I believe I've made my views pretty clear on how I adjust and why and for what reasoning:

 

dick0236

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[QUOTE="MdaPA, post: 909545, member: 17405}

What if your INR was 1.9 or 1.8 (with range 2.0-3.0)? Would you adjust then?
[/QUOTE]

If your range is 2-3 I would not change but I would watch my INR over the next few tests. If it stayed at the 1.8/1,9 for a couple of tests I'd add a little to my dose. However, since my range is 2.5-3.5 a 1.8 makes me nervous. I'd bump my dose up 10%-15% if I got <2. I am concerned about low INRs and strokes.
 

pellicle

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Dick
but I would watch my INR over the next few tests.
indeed more complete answer ... yes I'd do that too ... Missing from this question is any context, such as what was the previous reading.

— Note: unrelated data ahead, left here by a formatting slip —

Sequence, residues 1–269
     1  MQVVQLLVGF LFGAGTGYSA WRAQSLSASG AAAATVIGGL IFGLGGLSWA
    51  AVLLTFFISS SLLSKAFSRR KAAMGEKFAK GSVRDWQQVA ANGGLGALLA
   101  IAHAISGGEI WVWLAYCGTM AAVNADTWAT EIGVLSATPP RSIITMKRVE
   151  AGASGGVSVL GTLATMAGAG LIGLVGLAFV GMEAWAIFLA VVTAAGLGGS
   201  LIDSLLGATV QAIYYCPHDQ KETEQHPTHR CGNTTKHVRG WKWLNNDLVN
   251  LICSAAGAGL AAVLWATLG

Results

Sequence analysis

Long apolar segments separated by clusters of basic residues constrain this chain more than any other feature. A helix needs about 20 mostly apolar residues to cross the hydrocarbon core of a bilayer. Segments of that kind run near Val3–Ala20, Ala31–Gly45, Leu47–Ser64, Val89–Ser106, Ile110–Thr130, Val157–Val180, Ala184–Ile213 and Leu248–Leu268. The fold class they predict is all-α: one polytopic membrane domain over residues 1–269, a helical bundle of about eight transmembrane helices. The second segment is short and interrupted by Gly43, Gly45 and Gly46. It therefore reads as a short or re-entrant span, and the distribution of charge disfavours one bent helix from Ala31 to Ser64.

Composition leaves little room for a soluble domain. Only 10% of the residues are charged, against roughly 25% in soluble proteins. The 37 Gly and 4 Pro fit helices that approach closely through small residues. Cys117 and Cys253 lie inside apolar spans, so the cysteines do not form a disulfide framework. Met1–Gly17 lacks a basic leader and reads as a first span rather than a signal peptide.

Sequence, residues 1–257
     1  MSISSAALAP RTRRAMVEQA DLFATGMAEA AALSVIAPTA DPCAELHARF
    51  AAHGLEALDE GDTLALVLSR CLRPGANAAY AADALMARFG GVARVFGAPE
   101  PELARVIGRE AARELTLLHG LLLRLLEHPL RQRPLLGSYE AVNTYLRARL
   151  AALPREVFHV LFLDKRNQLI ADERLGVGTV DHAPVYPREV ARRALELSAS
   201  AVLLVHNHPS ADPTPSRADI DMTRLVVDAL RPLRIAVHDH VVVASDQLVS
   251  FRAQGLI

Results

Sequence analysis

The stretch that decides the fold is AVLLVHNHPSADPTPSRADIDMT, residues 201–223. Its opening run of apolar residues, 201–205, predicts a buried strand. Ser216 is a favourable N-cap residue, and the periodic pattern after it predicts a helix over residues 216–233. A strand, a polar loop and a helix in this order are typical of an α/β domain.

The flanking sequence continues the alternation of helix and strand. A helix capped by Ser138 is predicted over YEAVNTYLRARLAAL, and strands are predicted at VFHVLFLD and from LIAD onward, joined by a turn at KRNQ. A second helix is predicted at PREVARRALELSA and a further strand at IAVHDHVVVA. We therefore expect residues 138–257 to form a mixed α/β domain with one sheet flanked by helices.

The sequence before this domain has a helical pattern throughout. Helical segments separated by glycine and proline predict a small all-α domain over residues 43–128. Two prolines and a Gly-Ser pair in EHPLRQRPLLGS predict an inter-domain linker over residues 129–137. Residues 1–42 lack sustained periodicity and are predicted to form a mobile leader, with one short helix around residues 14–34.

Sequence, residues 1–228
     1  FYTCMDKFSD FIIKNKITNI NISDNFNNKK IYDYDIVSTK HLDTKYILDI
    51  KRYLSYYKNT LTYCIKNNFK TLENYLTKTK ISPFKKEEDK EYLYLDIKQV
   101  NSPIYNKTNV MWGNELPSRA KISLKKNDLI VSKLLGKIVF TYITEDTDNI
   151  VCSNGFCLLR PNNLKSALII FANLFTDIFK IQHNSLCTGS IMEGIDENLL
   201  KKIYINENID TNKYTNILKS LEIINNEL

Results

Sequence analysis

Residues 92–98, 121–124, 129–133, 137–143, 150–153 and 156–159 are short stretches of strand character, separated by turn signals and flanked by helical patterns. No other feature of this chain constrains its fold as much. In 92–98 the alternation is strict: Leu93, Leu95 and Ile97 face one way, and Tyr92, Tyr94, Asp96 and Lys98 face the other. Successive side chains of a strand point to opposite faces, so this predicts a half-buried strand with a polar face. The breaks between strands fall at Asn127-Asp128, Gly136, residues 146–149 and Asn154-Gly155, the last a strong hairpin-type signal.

Short answer for me is that even if it had been 2.4 before I'd give myself 50% more as a one off and look again next week. I always look again next week.
 

MdaPA

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my range is 2.5-3.5 a 1.8 makes me nervous. I'd bump my dose up 10%-15% if I got <2. I am concerned about low INRs and strokes.
Hi Dick,
Regardless of what you were the prior test/week, if you got a 2.3 or 2.4 just below your range of 2.5-3.5, would you bump up your dose or stay the course and wait until your next test to see what it is?
 

dick0236

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Hi Dick,
Regardless of what you were the prior test/week, if you got a 2.3 or 2.4 just below your range of 2.5-3.5, would you bump up your dose or stay the course and wait until your next test to see what it is?
No. A single test that was only .1 or .2 out of range would not trigger a dosing change unless it shows a trend of low INR over time. Those blips are usually just outliers and self-correct by the next test.